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Diabetologia. 1986 Mar;29(3):156-61.

Progression of subclinical polyneuropathy in young patients with type 1 (insulin-dependent) diabetes: associations with glycaemic control and microangiopathy (microvascular complications).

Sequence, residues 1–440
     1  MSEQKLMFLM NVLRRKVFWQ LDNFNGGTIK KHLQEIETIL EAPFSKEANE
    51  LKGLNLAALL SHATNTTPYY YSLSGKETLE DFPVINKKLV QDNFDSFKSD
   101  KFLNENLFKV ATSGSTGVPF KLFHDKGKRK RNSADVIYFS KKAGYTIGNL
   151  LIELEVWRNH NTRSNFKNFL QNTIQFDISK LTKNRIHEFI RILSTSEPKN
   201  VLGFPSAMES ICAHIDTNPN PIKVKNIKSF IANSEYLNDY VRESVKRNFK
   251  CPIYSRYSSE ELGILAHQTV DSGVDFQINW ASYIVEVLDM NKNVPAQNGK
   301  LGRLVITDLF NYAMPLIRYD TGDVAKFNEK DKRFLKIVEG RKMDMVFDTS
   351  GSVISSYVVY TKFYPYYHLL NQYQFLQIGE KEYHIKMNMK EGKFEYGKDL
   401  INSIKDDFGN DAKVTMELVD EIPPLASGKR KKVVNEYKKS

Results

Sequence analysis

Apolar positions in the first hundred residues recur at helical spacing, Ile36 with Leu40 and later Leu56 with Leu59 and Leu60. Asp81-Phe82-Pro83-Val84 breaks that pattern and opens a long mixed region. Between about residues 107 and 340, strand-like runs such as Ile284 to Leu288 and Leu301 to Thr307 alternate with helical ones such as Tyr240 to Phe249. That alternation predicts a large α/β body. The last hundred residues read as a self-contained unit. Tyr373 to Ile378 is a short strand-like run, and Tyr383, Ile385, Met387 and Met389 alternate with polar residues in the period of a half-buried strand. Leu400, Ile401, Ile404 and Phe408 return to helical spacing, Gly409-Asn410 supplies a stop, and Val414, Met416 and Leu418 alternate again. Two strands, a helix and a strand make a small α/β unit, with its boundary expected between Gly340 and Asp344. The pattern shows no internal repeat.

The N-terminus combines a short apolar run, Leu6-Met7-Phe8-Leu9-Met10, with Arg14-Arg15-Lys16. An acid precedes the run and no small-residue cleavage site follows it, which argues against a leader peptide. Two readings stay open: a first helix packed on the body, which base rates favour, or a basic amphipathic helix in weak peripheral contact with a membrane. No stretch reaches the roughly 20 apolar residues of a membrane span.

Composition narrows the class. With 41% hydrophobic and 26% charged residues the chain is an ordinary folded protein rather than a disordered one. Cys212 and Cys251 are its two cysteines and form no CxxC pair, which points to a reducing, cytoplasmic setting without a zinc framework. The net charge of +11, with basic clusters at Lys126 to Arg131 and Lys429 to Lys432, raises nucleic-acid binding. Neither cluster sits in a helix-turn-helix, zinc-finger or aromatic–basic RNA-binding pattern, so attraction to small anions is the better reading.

The progression of subclinical polyneuropathy over 2.5 years has been studied in a representative group of 75 young patients with Type 1 (insulin-dependent) diabetes (initial age 16-19 years). The relationships between changes in nerve function, glycaemic control and concurrently developing microvascular complications (retinopathy, microproteinuria) were investigated. Deterioration of motor, sensory and autonomic nerve function, retinopathy and microproteinuria was related to poor glycaemic control. In addition, there was an association between developing neural and microvascular complications which was not diminished when their common relationship to hyperglycaemia was taken into account. These findings suggest that, although poor glycaemic control is an essential permissive factor in the early development of diabetic polyneuropathy, other influences, shared with microvascular complications, must also be important.

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